I live in an apartment in the UK. There's an electric "hot water cylinder" (storage tank) to heat water for tap usage. (Not for heating, there are electric radiators for that.)

This hot water cylinder has a thermostat where you can set a temperature from 40°C to 70°C, and whoever installed it set it to 70°C. 70°C seems wasteful to me, 40°C would be enough for my use. Presumably the higher the temperature and the more electricity it uses?

However the manual warns that the thermostat should not be set lower than 60°C to "prevent bacteria growth". Is this a valid concern in practice, or is it more like some kind of abstract health & safety disclaimer? I mean, I'm not going to drink that hot water, I just use it to wash stuff.

1 Answer 1


Yes, higher thermostat temperatures mean more electricity consumption. Also your thermostat manual is right, bacteria growth is a valid concern.

The ideal conditions for the Legionella bacteria to grow is stagnant water between 25 and 45°C. If you breathe in water vapor that contains Legionella, you can develop an infection known as Legionnaires' disease, which is a serious illness. Its fatality rate is around 10% for healthy people and higher for people with other health problems.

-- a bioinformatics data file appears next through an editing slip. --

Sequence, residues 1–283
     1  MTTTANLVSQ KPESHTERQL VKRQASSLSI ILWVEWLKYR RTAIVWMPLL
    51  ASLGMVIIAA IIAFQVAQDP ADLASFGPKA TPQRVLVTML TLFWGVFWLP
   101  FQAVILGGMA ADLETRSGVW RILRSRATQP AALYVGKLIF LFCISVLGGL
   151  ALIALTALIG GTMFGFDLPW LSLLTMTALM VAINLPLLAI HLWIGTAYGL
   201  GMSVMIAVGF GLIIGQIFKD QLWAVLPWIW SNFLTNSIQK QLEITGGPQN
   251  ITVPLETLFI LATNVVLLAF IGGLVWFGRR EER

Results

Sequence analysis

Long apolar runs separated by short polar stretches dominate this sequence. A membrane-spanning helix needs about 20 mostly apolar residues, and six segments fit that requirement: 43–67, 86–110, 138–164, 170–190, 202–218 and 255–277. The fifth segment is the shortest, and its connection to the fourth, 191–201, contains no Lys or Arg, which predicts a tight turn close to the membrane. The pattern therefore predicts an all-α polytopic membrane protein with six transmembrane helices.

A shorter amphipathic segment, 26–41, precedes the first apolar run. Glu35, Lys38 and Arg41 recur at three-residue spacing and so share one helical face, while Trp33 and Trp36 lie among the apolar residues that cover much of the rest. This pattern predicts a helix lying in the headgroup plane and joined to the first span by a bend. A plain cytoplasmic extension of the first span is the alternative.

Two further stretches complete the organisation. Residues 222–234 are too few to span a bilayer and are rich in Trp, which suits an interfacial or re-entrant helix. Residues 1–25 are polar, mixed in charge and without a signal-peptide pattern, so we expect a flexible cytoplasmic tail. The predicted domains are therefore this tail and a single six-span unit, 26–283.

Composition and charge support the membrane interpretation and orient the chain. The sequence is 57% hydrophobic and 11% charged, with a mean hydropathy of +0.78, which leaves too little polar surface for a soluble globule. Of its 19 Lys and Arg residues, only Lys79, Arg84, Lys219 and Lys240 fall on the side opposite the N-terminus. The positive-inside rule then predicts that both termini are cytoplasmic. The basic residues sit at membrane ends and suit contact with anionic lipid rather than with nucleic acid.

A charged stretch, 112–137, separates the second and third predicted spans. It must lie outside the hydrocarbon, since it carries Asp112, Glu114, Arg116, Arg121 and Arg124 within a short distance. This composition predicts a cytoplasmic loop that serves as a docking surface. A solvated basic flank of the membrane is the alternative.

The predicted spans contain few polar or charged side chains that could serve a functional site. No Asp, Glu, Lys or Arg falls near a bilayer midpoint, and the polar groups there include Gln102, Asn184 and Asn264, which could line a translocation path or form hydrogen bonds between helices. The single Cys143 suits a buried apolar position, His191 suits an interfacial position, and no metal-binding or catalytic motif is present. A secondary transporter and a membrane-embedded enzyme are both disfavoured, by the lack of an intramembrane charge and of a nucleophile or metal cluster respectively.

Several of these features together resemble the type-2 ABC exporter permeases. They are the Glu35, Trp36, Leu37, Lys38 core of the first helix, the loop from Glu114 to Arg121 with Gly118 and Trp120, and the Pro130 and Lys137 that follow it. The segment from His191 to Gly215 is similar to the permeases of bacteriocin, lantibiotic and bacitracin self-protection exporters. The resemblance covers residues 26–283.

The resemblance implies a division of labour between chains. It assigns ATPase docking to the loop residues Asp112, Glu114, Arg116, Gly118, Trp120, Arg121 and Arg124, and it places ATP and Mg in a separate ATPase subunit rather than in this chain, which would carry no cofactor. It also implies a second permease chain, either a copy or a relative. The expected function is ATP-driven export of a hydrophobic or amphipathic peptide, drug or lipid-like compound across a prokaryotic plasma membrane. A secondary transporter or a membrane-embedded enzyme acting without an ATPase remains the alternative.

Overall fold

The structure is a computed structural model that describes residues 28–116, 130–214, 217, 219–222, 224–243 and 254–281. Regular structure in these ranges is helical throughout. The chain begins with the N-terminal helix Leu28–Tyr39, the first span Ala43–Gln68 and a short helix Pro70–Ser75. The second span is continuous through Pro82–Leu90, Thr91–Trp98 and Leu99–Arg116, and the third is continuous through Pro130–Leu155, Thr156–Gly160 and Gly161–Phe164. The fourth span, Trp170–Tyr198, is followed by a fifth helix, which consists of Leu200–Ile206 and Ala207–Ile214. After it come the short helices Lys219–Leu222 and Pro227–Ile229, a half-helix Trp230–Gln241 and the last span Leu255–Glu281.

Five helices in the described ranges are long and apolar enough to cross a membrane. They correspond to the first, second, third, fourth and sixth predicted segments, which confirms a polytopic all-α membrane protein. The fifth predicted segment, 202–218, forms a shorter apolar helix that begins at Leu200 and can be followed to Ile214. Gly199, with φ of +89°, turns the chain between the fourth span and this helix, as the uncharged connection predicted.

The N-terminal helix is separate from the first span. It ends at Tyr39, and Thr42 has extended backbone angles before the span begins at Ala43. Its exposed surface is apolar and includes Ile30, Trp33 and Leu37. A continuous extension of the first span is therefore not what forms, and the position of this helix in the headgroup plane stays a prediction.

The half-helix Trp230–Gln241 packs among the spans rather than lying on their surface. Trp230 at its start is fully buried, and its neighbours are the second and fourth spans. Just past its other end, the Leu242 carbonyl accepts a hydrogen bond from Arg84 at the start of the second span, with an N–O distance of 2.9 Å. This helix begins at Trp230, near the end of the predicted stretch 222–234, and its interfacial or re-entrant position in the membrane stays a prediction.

This is the reason that drinking water companies often advise customers to let their taps run, when people return from (summer) holidays. With stagnant water and in-house temperatures of 20+°C there is a risk of Legionella build-up in your water pipes.

The easiest way to kill the bacteria in your case is to raise the temperature to 60°C or higher, so what you could do is set the temperature to 40°C by default, but every day set it to the maximum temperature for a few minutes. If you think you'll forget to do that then I would advice you to set it to 60°C.

  • Thanks. Setting the thermostat involves unscrewing a panel, so not really something that can easily be done every day unfortunately.
    – Mirko N.
    Commented Aug 4, 2022 at 10:32

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